Problem child: common patterns in malicious parent-child relationships

Wednesday 2 October 14:30 - 15:00, Red room

Bobby Filar (Endgame)

The rise of machine-learning-backed security platforms has helped in the identification of malicious activity by moving away from static signatures towards an approach that can extend to previously unobserved attacks. However, it’s becoming more common for malware attacks not just to consist of a standalone executable or script. Attacks often have a conspicuous process heritage that is ignored by machine-learning models that rely solely on static features (e.g. PE header metadata) to make a decision. Advanced attacker techniques such as 'living off the land', that appear normal in isolation, become more suspicious when observed in a parent-child context. The context derived from parent‑child process chains can help identify and group malware families, as well as discover novel attacker techniques. Adversaries chain these techniques together to perform persistence, defence bypasses and execution actions. A common response by defenders is to write heuristics, commonly referred to as detectors, to identify these events, but they can be noisy and lead to significant alert generation. Moreover, it is difficult to correlate the generated alerts to a larger pattern of techniques used in an attack.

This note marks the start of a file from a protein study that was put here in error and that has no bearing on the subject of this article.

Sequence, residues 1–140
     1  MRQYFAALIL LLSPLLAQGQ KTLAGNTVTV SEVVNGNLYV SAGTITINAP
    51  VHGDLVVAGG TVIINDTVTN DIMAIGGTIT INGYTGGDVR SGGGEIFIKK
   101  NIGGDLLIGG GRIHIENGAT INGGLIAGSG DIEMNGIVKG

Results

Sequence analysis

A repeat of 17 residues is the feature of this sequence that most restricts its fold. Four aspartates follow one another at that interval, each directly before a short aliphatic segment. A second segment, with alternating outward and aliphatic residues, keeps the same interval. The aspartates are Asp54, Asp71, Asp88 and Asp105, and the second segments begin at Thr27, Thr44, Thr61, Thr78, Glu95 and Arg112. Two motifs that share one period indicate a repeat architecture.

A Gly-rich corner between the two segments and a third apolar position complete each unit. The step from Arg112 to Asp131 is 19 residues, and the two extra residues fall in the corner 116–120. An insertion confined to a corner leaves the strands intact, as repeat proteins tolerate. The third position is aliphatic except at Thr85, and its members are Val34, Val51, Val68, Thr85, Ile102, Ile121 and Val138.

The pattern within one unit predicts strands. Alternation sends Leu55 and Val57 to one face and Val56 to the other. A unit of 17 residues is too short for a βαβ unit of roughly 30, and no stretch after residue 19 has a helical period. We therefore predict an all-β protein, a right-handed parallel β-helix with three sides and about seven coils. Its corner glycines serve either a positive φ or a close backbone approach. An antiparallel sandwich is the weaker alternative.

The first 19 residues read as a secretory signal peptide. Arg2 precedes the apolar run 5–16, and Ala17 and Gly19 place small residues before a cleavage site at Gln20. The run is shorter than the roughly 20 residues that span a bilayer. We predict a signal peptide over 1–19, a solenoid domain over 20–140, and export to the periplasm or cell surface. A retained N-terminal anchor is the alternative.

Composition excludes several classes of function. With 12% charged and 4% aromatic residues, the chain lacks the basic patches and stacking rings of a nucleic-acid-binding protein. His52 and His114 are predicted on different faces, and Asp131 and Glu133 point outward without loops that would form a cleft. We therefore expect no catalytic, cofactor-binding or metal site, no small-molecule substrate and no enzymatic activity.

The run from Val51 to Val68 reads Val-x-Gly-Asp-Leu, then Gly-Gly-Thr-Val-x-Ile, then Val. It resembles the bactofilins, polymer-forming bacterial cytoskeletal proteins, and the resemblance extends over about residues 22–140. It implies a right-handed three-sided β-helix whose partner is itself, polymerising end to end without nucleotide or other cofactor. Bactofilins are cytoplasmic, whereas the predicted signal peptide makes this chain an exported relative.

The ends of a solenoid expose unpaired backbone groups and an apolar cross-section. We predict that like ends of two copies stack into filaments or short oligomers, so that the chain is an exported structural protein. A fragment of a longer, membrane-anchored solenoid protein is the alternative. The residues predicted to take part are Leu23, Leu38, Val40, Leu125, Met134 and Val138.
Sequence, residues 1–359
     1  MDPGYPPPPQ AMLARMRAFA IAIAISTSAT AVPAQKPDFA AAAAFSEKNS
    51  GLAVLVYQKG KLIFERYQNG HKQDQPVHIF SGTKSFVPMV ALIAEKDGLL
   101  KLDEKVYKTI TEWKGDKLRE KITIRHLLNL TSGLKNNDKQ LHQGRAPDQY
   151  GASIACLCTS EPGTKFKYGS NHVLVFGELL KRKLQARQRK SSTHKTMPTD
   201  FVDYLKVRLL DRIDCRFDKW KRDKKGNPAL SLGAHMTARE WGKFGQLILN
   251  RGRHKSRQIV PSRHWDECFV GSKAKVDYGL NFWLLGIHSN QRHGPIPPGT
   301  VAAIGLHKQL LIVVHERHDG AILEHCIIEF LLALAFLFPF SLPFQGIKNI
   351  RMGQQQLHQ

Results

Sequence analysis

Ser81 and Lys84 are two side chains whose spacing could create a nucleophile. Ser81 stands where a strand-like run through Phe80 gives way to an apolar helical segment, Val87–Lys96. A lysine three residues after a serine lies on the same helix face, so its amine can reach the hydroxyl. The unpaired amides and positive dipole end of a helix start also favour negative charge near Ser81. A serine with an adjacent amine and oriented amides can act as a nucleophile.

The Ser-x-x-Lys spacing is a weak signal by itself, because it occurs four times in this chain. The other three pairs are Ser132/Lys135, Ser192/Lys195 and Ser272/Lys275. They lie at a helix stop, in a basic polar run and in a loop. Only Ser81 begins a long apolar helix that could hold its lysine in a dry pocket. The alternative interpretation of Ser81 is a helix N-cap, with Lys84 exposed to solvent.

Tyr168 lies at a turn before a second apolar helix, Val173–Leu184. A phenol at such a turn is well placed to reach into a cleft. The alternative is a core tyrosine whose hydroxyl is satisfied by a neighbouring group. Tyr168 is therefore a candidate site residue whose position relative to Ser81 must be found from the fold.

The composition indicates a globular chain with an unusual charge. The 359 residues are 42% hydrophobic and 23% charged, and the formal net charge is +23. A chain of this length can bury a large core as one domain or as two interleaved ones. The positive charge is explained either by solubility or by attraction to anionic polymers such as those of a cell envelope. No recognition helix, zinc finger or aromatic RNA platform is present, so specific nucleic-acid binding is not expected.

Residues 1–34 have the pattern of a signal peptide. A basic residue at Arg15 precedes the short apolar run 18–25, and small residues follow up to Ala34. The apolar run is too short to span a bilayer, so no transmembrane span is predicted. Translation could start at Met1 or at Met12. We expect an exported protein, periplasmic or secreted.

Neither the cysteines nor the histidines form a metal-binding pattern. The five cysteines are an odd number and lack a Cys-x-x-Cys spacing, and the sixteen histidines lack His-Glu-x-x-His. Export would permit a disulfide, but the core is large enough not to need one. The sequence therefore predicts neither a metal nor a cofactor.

We present ProblemChild, a graph-based framework designed to address these issues. ProblemChild applies machine learning to derive a weighted graph that is used to identify and group communities of seemingly disparate events into larger attack sequences. ProblemChild uses statistical methods, such as conditional probability, to automatically uncover rare (or first-seen) process-level events. In combination, this framework can be used by analysts to aid in the crafting or tuning of detectors and to reduce false positives over time. We evaluate ProblemChild in a series of experiments using OceanLotus (APT32) and APT3 attacks to demonstrate the promise in identifying anomalous parent-child process chains.



Bobby Filar

Bobby Filar is a Director of Data Science at Endgame where he employs machine learning and natural language processing to drive cutting-edge detection and contextual understanding capabilities in Endgame's endpoint detection and response platform. In the past year he has focused on applying machine learning against process event data to provide confidence and explainability metrics for malware alerts. Previously, Bobby has worked on a variety of machine learning problems focused on natural language understanding, geospatial analysis, and adversarial tasks in the information security domain.


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